Thursday, October 11, 2012

My Parents Come to Hawaii

Most of Kauai is behind me. At the foot of the Pacific Ocean, I sit close to a small wedding party. The ukulele player is plugged into an outlet on our lanai; because of this, we are invited to the party. Thanks, we nod, although neither of us want to, and probably won't, attend. Kindness, certainly, deserves more. Why don't I know how to politely decline graciousness? Say no?  Instead, I shrug with ambiguity, smile, proclaim thanks, and prove a no-show. I don't think I was raised this way. Both my parents, for different reasons, would have gone. My father to enjoy the toast; my mother the people. Perhaps that's why I'm unable to considerately demur such thoughtful spontaneity. My parents would never have done so. 

Tonight, my mother sits 6000 miles away from me; my father's ashes swim the seas. And I'm nearing 40. Still, my parents come. A mother's ear, a father's heart, forever trained to the call of their daughter. Show me what I need to know. My father, not frightened by death, nor my mother by distance, arrive knowing I will never be exactly like them-- they raised me with too much independence for that; yet I take what they give, shape it into my own, become more of who I am.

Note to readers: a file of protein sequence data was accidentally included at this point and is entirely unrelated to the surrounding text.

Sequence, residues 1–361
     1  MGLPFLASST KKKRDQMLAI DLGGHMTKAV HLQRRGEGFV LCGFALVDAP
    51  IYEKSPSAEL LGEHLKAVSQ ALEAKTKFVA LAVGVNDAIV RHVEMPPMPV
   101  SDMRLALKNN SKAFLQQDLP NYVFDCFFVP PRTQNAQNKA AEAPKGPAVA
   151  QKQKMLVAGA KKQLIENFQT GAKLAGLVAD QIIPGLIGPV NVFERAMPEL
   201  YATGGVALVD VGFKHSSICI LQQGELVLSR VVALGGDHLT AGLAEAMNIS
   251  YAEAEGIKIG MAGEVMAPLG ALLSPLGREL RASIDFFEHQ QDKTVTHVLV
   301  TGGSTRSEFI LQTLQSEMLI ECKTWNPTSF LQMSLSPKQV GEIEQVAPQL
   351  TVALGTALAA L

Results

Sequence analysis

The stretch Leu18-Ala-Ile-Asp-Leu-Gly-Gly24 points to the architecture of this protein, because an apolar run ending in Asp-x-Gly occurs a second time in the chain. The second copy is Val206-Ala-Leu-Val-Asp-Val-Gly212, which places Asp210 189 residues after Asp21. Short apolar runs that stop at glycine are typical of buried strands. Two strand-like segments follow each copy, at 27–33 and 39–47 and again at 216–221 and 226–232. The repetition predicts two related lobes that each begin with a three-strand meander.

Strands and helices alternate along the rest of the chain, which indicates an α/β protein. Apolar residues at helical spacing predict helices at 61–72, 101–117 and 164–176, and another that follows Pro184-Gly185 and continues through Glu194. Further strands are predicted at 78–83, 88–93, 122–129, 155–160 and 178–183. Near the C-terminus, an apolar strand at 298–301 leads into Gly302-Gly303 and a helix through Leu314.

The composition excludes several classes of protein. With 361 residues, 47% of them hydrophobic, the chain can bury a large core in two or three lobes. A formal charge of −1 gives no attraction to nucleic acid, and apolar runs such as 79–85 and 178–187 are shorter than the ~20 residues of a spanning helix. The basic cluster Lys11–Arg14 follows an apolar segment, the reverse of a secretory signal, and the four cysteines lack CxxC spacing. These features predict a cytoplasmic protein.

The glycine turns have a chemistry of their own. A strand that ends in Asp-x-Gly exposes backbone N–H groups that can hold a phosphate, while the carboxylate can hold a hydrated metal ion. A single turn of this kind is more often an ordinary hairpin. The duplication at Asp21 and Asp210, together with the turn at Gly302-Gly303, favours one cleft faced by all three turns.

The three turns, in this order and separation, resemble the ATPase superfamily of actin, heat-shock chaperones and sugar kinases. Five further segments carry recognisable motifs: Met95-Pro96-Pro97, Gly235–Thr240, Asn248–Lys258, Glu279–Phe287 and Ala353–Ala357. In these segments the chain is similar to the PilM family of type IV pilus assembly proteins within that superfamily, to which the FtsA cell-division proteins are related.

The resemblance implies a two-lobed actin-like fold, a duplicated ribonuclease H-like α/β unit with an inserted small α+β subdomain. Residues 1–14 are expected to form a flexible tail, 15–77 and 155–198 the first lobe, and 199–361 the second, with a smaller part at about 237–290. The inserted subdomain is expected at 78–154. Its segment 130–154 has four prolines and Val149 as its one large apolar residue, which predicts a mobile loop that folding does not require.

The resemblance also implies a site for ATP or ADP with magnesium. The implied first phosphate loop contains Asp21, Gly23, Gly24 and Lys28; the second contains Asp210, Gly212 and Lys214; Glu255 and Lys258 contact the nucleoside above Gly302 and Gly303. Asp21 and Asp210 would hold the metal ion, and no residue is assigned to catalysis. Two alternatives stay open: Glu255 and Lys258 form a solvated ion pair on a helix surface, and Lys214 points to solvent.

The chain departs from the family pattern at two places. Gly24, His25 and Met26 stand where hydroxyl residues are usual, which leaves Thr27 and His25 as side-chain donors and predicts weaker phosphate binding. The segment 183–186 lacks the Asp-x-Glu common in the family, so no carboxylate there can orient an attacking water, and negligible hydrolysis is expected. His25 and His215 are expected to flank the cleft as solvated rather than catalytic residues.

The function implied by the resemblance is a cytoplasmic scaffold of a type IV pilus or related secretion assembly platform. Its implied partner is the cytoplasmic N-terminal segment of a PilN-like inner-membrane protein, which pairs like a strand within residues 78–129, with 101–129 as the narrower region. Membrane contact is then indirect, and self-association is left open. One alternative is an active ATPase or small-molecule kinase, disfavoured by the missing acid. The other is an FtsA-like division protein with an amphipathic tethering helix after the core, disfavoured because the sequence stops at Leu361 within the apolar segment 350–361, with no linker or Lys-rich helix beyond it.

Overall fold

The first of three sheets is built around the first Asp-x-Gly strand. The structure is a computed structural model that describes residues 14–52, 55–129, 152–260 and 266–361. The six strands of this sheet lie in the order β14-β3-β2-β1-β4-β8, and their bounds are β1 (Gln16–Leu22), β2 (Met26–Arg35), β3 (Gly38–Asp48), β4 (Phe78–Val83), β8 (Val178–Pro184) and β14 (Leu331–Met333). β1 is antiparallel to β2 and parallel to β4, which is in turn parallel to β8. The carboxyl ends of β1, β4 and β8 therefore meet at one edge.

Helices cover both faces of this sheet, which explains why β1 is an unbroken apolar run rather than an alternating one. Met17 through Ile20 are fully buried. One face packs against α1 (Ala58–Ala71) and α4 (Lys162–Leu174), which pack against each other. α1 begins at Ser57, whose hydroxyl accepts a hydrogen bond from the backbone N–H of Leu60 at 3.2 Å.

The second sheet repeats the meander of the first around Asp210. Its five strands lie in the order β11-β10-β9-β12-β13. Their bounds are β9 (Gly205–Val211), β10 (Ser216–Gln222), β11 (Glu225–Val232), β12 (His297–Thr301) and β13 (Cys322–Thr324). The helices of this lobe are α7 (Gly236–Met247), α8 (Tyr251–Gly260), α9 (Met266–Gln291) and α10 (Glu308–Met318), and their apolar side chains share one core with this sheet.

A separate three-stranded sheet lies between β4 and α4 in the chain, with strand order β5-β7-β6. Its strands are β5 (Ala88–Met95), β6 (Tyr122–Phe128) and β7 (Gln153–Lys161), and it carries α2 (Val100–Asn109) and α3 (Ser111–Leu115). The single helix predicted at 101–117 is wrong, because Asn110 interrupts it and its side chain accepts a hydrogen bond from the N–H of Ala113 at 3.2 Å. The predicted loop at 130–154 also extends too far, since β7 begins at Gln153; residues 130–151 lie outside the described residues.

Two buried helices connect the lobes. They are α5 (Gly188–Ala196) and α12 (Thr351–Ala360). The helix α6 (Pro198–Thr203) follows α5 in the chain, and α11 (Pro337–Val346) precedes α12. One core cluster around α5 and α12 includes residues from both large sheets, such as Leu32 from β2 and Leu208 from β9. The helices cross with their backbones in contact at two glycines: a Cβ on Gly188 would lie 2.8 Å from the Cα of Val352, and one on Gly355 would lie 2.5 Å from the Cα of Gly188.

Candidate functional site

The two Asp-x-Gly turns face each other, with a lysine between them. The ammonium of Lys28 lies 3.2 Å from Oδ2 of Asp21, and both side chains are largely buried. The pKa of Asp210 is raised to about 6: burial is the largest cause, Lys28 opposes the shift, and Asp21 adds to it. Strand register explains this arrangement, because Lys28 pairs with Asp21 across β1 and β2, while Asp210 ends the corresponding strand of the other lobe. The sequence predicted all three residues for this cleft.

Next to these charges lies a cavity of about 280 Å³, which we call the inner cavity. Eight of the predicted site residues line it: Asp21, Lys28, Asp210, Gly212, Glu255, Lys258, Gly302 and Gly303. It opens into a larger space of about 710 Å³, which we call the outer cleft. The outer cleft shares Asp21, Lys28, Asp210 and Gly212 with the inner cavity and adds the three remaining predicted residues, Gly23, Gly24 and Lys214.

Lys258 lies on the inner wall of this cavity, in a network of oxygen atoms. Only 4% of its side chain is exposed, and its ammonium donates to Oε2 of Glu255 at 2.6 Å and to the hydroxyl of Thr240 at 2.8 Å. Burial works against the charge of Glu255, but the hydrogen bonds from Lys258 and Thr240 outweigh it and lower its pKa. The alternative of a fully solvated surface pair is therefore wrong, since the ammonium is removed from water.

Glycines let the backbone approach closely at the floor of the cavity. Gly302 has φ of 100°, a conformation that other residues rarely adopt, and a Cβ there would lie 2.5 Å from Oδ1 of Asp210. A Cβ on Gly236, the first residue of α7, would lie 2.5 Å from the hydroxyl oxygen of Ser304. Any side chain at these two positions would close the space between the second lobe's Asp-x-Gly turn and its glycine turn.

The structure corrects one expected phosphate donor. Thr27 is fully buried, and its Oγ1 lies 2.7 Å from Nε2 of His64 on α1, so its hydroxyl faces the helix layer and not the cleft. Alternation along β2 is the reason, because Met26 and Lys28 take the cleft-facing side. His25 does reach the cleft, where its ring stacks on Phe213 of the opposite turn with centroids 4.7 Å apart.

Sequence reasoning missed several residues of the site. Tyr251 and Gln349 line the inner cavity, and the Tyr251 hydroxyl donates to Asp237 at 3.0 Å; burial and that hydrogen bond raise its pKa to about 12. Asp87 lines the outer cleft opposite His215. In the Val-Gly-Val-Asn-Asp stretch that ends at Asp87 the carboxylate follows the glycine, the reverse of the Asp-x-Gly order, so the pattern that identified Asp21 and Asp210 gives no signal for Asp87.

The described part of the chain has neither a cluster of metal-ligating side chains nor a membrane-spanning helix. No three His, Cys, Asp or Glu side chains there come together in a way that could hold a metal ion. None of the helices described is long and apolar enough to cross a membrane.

The wedding party is surprisingly quiet. The uke player, now on guitar, strums his way through Margaritaville with jumbled lyrics. No matter. The palm trees sway with the song anyway, holding the music close before pushing it gently out to sea-- a jumbled number, in harmony with the world. Cradled by the trade winds, it slips quickly over the ocean. Gone, but not lost; for the well-trained ear, the prepared heart, always hears the call of its own. 

Mahalo Mom and Dad.  



  1. Thanks for reading it! I meant to write a little about Hawaii, but instead it turned into something for my parents. Funny how that goes. :)

  2. I loved your writing about your parents. It's so hard to put parents into perspective at any age.

  3. Lisa, you moved my heart tonite. I'm sorry I didn't see this sooner, but with my PC crashed for a few days and my CRAZY Political Job right now, well days just seep by me like never before. Thank you for your kind words and undying love. And some day, some how, I hope to make it to the West Coast and your neck of the woods! XOXO LOVE YOU FOREVER.

  4. Thanks, Constance, and you're so right about the difficulty in putting our parents into perspective. I guess it's just so hard to see them in any role other than "mom" and "dad," or whatever combination a person may have.